Health care reform moves forward in U.S. Senate, House

The U.S. Senate’s Health, Education, Labor and Pensions (HELP) Committee has become the first Congressional committee to report out a comprehensive health care reform bill. The Committee approved the “Affordable Health Choices Act” on a 13 to 10 party-line vote on July 14. Some key provisions in the bill include:

  • Every American would be required to carry health insurance and there would be substantial discounts for people who cannot afford to purchase insurance.
  • Eligibility for Medicaid, the joint federal-state health program for low-income Americans, would be expanded.
  • Businesses with 25 or more employees would be required to offer health insurance to their workers or pay a $750 annual fee per full-time employee. Small businesses with fewer than 25 workers would be exempt from the mandate.

While the HELP Committee bill includes most of the policy changes sought by the Obama administration, it will be up to the Senate Finance Committee to figure out how to pay for health care reform. The Finance Committee hopes to report a bill soon.

In the U.S. House, Democratic leaders unveiled their bill, H.R. 3200, “America’s Affordable Health Choices Act” on July 14. The House bill is headed for a mark-up (the committee amendment process) in the Energy and Commerce Committee on July 16. Similar mark-ups are now expected in the Ways and Means Committee and the Education and Labor Committee before Congress leaves for its August recess.

The House bill would cover approximately 37 million Americans over the next decade by requiring people to purchase health insurance, providing subsidies for low-income individuals to purchase insurance and expanding eligibility for Medicaid (a so-called “public option”). Democratic leaders estimate the proposal would ensure that 97 percent of Americans were in a health plan by 2015, at a cost of $1.2 trillion over the next decade.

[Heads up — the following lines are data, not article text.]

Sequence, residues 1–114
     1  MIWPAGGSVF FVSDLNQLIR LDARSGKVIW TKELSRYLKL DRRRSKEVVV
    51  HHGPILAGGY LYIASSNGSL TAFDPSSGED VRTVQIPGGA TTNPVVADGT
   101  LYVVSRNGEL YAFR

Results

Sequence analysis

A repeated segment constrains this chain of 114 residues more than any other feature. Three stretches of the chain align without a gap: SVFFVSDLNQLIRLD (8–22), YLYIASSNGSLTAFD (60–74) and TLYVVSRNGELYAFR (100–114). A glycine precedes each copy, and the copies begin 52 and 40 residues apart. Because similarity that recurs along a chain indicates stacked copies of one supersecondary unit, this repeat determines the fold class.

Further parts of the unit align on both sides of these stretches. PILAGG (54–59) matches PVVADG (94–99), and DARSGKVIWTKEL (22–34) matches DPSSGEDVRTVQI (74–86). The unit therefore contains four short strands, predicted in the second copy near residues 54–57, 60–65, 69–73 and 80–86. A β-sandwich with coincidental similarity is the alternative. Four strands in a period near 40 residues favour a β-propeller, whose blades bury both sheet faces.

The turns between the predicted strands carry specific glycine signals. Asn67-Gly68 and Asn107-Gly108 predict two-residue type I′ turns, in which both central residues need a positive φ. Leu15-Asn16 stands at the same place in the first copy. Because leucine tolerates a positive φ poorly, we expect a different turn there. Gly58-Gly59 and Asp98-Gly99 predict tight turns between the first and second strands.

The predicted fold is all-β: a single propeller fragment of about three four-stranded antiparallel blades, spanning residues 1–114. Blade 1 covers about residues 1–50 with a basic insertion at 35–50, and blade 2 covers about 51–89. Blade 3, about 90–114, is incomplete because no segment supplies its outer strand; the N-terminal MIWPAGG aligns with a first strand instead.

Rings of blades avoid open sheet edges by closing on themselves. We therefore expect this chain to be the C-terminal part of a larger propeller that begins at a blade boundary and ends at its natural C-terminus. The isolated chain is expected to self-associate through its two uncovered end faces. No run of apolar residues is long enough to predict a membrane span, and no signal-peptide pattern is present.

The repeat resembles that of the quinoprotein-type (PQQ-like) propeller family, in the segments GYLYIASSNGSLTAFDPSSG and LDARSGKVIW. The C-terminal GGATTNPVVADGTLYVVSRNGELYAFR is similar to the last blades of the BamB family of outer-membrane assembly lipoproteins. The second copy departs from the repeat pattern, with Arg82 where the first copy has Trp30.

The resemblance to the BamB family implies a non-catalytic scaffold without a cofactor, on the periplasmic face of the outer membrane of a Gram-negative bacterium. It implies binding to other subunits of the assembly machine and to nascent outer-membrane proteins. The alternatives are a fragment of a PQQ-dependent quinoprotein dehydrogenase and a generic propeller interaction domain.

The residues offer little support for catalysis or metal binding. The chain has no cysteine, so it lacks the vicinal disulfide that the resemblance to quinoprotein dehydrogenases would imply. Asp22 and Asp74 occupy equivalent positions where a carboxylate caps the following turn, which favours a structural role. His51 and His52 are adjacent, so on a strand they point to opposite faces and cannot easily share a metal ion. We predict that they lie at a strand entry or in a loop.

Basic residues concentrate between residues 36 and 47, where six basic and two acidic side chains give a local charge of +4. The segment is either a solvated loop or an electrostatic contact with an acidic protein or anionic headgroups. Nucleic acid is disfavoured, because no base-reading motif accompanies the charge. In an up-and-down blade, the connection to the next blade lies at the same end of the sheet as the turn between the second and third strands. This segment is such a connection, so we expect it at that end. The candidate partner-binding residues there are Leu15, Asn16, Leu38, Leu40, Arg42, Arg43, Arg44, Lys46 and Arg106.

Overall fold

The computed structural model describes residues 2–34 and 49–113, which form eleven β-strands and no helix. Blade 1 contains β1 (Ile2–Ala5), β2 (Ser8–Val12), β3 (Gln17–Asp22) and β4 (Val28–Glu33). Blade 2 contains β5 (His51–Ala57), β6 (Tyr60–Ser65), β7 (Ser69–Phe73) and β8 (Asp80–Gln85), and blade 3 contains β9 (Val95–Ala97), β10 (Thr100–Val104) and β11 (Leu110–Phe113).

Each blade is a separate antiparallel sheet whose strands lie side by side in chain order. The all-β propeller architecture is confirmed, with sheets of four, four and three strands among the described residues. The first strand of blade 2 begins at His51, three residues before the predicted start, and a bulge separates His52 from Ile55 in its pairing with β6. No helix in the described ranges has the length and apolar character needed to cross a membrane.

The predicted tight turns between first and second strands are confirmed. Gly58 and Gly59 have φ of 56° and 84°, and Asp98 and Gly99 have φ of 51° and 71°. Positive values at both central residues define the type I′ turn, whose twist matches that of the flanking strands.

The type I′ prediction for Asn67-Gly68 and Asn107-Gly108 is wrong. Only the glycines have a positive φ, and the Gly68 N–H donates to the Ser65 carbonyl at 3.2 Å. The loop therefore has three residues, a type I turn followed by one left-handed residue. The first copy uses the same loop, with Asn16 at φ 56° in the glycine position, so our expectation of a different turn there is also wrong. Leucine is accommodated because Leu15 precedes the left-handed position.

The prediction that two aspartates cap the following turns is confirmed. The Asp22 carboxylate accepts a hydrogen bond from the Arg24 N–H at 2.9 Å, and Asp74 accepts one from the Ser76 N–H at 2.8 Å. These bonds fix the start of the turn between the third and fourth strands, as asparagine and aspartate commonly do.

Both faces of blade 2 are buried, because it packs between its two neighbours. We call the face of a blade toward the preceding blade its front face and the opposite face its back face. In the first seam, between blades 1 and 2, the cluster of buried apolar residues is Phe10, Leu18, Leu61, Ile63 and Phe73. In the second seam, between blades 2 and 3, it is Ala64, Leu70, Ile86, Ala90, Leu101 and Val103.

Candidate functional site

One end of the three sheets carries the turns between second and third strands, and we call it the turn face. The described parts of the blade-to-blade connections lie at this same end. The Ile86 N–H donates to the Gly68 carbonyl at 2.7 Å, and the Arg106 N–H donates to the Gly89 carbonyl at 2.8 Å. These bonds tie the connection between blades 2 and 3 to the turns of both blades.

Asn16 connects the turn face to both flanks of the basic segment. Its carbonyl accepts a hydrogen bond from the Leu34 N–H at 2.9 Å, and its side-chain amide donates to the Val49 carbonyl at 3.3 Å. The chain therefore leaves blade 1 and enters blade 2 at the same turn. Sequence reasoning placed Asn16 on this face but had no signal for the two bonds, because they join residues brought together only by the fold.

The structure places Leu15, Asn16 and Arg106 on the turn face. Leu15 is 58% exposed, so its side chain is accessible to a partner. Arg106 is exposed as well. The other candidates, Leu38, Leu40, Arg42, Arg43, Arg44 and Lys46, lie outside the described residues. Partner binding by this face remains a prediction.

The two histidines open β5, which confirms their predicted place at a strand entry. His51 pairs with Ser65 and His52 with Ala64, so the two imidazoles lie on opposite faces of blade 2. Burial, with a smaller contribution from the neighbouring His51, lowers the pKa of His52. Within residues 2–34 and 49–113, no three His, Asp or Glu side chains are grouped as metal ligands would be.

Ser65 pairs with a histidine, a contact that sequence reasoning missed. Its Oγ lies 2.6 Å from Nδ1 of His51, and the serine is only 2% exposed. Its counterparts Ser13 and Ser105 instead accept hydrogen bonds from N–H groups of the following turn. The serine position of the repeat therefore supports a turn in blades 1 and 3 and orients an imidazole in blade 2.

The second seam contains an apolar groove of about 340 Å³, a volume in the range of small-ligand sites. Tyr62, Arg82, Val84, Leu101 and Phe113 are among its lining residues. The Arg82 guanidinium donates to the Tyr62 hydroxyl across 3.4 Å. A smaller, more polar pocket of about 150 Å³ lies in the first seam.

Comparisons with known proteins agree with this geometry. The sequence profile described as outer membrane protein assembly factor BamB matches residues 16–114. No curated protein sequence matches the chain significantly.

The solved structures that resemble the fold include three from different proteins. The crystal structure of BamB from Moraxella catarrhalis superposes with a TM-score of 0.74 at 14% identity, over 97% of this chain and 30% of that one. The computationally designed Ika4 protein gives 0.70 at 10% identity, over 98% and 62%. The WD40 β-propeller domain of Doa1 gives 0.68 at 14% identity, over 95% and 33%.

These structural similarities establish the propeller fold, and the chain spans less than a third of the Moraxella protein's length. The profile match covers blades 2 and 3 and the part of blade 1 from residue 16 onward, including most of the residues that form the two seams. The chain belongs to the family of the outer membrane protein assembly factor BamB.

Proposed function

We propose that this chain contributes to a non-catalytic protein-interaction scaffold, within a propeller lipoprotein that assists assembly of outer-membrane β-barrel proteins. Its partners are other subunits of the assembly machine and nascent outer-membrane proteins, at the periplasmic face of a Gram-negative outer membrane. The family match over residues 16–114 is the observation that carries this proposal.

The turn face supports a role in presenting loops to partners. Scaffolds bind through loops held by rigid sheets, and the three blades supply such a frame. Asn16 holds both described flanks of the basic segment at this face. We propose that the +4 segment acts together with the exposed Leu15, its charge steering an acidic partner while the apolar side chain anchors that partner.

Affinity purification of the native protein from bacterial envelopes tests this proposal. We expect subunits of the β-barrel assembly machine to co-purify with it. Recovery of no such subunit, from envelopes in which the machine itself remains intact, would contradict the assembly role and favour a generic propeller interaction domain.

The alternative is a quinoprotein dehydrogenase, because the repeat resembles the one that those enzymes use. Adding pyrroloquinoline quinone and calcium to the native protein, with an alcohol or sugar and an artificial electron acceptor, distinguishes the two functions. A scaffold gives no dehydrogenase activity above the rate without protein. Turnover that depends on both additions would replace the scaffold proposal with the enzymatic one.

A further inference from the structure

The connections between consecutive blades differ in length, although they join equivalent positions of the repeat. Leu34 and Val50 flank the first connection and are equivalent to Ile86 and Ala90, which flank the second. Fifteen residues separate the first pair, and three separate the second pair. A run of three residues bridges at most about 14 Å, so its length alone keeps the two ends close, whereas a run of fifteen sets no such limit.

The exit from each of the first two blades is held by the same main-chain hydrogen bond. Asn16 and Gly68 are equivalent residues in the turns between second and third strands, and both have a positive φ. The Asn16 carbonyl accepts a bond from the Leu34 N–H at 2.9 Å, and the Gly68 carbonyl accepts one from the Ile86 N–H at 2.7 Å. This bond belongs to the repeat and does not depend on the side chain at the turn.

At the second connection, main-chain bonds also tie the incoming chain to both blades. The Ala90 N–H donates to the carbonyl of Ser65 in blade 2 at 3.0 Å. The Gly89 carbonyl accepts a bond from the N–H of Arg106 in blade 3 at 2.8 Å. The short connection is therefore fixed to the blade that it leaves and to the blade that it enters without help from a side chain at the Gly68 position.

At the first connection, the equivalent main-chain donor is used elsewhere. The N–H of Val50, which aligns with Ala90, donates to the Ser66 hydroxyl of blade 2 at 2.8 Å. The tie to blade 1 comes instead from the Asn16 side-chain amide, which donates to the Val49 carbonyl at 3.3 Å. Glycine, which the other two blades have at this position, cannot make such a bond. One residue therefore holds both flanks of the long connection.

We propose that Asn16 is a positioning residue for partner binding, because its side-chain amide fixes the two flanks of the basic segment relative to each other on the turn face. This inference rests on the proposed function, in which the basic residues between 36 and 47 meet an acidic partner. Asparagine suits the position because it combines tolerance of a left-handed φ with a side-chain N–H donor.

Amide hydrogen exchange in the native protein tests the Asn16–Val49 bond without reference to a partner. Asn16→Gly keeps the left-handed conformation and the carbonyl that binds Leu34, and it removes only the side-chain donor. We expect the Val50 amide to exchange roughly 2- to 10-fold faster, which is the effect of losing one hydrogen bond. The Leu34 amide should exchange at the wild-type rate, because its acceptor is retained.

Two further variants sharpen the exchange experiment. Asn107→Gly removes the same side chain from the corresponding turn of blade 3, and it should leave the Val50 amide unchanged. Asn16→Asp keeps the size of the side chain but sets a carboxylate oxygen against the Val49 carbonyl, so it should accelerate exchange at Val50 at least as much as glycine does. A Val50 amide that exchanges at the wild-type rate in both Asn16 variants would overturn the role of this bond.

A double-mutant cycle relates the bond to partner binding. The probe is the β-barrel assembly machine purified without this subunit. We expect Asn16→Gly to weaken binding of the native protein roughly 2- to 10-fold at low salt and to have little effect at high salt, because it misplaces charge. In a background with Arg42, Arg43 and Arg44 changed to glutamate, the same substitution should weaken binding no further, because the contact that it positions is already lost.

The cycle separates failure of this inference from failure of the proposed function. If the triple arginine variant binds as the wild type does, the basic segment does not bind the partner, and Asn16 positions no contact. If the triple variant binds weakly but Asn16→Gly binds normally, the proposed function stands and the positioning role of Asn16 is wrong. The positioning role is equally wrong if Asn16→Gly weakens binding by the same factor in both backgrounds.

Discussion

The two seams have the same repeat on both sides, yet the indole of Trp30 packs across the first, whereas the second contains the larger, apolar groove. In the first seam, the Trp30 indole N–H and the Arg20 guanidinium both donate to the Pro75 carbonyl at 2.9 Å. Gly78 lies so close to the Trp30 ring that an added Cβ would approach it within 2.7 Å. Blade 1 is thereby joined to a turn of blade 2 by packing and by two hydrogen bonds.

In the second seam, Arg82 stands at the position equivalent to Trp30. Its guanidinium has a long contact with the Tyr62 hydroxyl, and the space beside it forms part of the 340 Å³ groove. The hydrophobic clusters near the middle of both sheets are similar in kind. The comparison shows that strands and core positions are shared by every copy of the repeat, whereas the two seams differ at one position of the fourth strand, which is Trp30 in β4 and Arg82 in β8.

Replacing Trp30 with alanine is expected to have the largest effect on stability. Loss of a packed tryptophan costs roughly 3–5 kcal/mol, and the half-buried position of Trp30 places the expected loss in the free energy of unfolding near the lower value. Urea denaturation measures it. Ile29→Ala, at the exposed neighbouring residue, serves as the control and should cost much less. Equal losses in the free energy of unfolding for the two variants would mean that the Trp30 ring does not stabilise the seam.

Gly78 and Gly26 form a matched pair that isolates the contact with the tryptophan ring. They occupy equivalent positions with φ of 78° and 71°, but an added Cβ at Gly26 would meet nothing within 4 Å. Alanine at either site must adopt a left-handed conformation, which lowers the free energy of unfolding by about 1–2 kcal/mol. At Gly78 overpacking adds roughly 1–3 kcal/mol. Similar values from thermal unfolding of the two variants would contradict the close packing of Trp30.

To cover some of this cost, the House bill proposes a new surtax on individuals earning more than $280,000 a year and families earning more than $350,000 a year beginning in 2011. According to the Washington Post, the new surtax would start at 1 percent on income exceeding $350,000, rise to 1.5 percent on income exceeding $500,000, and top out at 5.4 percent on income exceeding $1 million a year. The Tax Policy Center estimates that the new surtax would affect only about 2.1 million of the wealthiest taxpayers in the nation, raising $544 billion over the next decade.

The introduction of the House bill was delayed by nearly one week after a group of House “Blue Dog” Democrats expressed opposition to an earlier draft of the bill because of concerns over the cost of the bill, insufficient cost containment provisions and inadequate help for rural hospitals (we blogged on this the other day). While House leaders have indicated that they have tried to address some of these concerns in the new bill, it is unclear whether the “Blue Dogs” will support the revised House bill.

-Steve Francisco

About Steve Francisco

Steve Francisco is the former federal policy analyst for the Minnesota Budget Project.
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